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Middle Grade Monday – I May Never Be Warm Again

It is both cold and wet at my house today – the kind of day that makes me feel as if I will never be warm again. As an added pleasure, this weather makes my almost healed arm ache. Bonus. Thanks for listening to me complain. Stay with me while I complain some more.

Recently, both Christopher Myers and his father, Walter Dean Myers, wrote insightful articles for the New York Times about the appalling lack of progress we’ve made in publishing books for children with non-white protagonists. As someone who purchases titles for a school with over 50% minority students, I can only agree.

One of my friends forwarded the senior Myers’ article to myself and several others in an email yesterday. For a little background, I have several friends who have adopted, or are in the process of adopting, children who are either black or multiracial. As I’ve purchased books as presents for their children, I’ve done my best to buy ones with characters who look like them. I’ve also done my best to express the need for children to see themselves in the books they read. I have to say that my local book store does an extremely good job of stocking titles that fit these needs – what few there are.

So, a discussion sprang up amongst the recipients of the email, and the need for Middle Grade titles with characters of color came up. As a librarian, I saw this as my favorite kind of puzzle, so I began to research. I began, of course, with the Coretta Scott King awards titles. My heart sank as I looked through them. Please understand me – they are all brilliant books, and well deserving of the awards they’ve been given. They are also vastly historical in nature. Especially the titles that fall within the Middle Grades designation. Yes, there are a good number of picture books with contemporary settings, as well as a strong showing of YA, but where are the contemporary Middle Grades titles? Where is my Christopher Paul Curtis or Rita Williams Garcia who writes in a contemporary setting? Or, alternately, where is my Rebecca Stead or Anne Ursu who write characters of color? I choose these authors specifically for their excellent understanding of and ability to write middle grades characters. Ms. Ursu is, in fact, a great champion of the Middle Grade reader.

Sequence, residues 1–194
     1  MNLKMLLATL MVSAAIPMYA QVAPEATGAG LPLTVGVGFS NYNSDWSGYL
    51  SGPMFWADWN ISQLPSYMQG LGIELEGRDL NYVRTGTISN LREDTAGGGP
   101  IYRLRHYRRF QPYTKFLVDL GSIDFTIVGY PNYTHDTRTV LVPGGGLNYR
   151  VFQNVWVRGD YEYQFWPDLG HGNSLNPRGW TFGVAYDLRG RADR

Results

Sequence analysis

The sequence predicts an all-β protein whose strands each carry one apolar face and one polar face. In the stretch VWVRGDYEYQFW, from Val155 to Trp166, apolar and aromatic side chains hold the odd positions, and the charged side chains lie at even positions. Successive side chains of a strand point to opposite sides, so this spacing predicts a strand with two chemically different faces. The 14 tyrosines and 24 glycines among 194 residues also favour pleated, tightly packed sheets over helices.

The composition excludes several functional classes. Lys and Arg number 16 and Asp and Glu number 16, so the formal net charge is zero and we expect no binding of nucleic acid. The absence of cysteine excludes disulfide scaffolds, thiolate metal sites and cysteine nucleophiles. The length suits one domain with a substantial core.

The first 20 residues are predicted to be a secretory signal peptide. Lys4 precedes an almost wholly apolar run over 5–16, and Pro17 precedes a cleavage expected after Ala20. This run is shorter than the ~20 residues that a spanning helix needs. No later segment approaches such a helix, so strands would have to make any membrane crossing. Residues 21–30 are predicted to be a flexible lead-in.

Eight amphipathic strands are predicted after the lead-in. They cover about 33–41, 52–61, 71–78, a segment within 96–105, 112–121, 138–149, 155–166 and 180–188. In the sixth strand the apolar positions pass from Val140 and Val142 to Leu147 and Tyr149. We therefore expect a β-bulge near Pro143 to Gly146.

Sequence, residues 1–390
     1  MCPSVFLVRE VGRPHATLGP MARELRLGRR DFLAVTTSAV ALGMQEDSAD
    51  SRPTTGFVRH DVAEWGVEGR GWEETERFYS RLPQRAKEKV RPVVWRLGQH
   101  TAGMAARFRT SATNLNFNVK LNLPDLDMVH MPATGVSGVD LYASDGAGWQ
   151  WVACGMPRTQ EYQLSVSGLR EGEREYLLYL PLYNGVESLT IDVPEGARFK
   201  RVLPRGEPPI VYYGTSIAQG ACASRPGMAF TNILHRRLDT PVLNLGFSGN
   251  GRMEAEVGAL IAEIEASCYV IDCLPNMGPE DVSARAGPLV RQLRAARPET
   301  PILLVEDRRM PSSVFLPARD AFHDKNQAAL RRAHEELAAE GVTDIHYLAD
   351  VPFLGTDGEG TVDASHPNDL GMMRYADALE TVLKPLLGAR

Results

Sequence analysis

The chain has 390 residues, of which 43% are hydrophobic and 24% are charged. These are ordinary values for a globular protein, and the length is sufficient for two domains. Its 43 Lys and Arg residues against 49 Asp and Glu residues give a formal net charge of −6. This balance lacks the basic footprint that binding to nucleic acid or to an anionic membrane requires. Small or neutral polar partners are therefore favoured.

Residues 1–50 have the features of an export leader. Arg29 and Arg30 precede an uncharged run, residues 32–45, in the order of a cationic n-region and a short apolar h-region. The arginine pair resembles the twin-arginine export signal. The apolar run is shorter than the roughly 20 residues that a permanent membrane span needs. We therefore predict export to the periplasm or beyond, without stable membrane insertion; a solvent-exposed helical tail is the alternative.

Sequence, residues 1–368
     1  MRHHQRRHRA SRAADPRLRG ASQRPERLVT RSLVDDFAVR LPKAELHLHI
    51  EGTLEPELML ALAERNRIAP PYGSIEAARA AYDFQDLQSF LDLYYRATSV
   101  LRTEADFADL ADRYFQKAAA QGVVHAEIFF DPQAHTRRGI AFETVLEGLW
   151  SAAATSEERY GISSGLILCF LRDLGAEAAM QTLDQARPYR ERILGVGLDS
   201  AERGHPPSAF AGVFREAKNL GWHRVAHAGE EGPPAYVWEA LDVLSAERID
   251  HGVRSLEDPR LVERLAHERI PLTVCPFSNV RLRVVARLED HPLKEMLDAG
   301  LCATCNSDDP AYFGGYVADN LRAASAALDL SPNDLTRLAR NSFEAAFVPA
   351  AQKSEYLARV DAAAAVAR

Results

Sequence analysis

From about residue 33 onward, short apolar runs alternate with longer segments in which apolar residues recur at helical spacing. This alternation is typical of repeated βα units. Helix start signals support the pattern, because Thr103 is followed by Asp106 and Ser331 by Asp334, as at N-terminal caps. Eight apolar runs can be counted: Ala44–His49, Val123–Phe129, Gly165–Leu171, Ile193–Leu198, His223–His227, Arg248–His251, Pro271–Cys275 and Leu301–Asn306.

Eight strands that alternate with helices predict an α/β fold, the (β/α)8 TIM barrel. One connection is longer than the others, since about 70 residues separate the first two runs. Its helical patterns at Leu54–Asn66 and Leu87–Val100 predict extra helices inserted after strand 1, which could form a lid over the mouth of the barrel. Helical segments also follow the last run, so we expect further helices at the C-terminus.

This is in no way the fault of the CSK Awards Committee. These books are simply not out there. I dream of a publishing atmosphere in which these books are so abundant that I have to choose which to purchase for our collection rather than automatically buying multiple copies of everything that comes out. One day.


  1. Being an African-American, I've ran into that problem all my life. Libraries either didn't have them, or the very few they had, they weren't talked about or recommended.

    I think being on the receiving end of that gives me an advantage as a librarian because I'm conscious of what I'm stocking the shelves with. In searching for Black teen fiction, if it wasn't Walter Dean Myers or Christopher Paul Curtis, it was a bunch of trash. The covers look shoddy and low budget, and it only stands to make you think the writing is just as such. Like something thrown together with no care. I only heard of Rita Williams-Garcia this year, so I don't know her books yet to talk them up to students.

    But where are our epic fantasy characters? Where are our dystopia heroines? What about mystery detectives and sci-fi nerds? Either no one is writing them, or publishers just aren't buying them because they are convinced they won't make money.

  2. There are some really amazing authors out there – just not nearly enough!

  3. Actually, I'd like to see more…well, not “trashy” books, but more…quick 'n' easy books? Like Rainbow Magic – yes, I know they're awful, but kids go through that series stage and they just gobble them down. There's 7 books in each individual series and 1, maybe 2 are kids of color. EllRay Jakes and Lulu are awesome – I want to see more beginning chapters and more contemporary realistic middle grade. And I'd really, really love to see Latino kids in either of those genres, especially in suburban or small town settings.

  4. Definitely agree – there seem to be even fewer contemporary MG Latino protagonists.

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